Don’t mess with Lucille Brawl. She’s a lean, mean, roller skating machine. Also known as Angela Watt, the Ontario Veterinary College (OVC) technician is one of about a dozen U of G staff and students who shed blood, sweat and occasionally tears as part of the Violet Uprising, one of three roller derby teams that make up the Royal City Rollergirls league. Their home opener on May 28 pitted them against the Killer Queens at the Sleeman Centre.
The aim of the game is for the “jammer” to force her way through a phalanx of “blockers” from the opposing team without getting knocked to the floor. With everyone skating in the same direction around a track, the jammer scores one point for every opposing blocker she skates past. But her own blockers have to clear the way. Each round lasts for up to two minutes or until the lead jammer calls it off to keep the other team’s jammer from scoring more points.
In a sport where hitting is allowed, how do you get a penalty?
“You have areas that you can hit and others you can’t hit,” says Watt. “Elbows are illegal. If you’re high hitting or low hitting, it’s illegal. You can’t hit from the back. If someone’s ahead of you, you can’t just push them out of the way.”
Despite wearing helmets, wrist guards, elbow and knee pads, the skaters still get injured. Watt rolls up her pant leg to reveal a blackened knee. Another skater shattered her ankle in a recent scrimmage. The injuries are usually minor, but paramedics are always on the scene.
“Derby girls are always black and blue, and we’re proud of our bruises,” says Watt. “It’s kind of a show-off, like ‘Look what happened to me.’”
Fans have the option of sitting in the stands or getting in on the action in the “suicide seating” section where skaters whizz by the audience with no barriers. The bigger the wipeout, the louder the cheers.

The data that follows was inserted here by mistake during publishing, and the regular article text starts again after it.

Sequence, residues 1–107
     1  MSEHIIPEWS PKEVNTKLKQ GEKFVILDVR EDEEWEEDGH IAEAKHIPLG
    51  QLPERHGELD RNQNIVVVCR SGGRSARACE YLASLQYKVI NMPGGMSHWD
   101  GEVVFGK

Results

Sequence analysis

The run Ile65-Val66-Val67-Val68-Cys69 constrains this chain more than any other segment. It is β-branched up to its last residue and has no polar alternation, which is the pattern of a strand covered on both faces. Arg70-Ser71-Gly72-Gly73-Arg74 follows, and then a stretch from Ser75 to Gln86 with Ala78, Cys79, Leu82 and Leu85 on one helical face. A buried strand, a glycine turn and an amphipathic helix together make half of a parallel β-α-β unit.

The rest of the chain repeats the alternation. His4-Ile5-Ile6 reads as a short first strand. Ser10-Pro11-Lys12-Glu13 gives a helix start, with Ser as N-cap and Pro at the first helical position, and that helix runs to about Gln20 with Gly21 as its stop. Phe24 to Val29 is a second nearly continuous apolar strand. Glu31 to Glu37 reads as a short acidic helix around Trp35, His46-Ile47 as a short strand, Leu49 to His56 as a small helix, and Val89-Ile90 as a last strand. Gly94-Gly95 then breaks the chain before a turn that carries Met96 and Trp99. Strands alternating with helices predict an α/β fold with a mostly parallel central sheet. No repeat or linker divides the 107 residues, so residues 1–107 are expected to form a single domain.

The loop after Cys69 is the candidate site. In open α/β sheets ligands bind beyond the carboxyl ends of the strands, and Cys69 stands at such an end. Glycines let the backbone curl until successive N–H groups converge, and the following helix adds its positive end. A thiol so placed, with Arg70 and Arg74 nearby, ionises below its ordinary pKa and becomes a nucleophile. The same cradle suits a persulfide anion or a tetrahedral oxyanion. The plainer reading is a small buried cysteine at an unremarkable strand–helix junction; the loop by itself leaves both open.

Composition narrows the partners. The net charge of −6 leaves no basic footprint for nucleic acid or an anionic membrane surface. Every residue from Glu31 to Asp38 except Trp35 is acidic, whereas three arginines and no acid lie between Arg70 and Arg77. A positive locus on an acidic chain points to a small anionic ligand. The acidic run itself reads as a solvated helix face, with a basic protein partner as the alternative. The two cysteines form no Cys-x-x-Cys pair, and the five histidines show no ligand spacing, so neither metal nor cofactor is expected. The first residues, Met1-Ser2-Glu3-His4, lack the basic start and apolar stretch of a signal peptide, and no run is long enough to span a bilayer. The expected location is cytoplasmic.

But there’s more to roller derby than smack downs.
“We get to hit people, but you have to have endurance and stamina,” says Watt’s teammate Sonia Maiorano, also known as Soni Soprano. Maiorano works in OVC’s companion animal medical complex, Watt in the health sciences centre.
Roller derby appealed to both women because of their love for sports. Inspired by her hockey-fan father, Watt has been skating since she was a kid. Maiorano heard about roller derby from someone on her soccer team and decided to give it a try. Both women joined the Violet Uprising last fall.
During the training process, skaters learn how to fall without injuring themselves. Off season, they practice two to three times a week, which increases to four times a week during the season. When they’re not on the track, they make special appearances and attend charity events.
The teams are looking for “fresh meat” this fall.
“I know it’s not for everyone,” adds Watt. “There are people who don’t even want to come to the games because they say, ‘I can’t watch you get hurt.’” But she warns that roller derby can be addictive. The skaters’ husbands are known as “derby widowers” because their wives spend so much time on the track.
“It’s a great opportunity to make new friends,” says Maiorano. “You have a large spectrum of women. Some are students, some are mothers, some are single. It doesn’t matter.” All shapes, sizes and ages are welcome, she adds.
Despite the physicality of the sport, Watt says the women develop a strong bond. A lot of people turn to derby after they’ve had something traumatic happen in their life. It’s very empowering for a woman. ”
Violet Uprising takes on Belle City Roggergirls at the Sleeman Centre on June 25, 7 p.m. The teams compete every two weeks during the summer. For more information, visit the website for Royal City Rollergirls.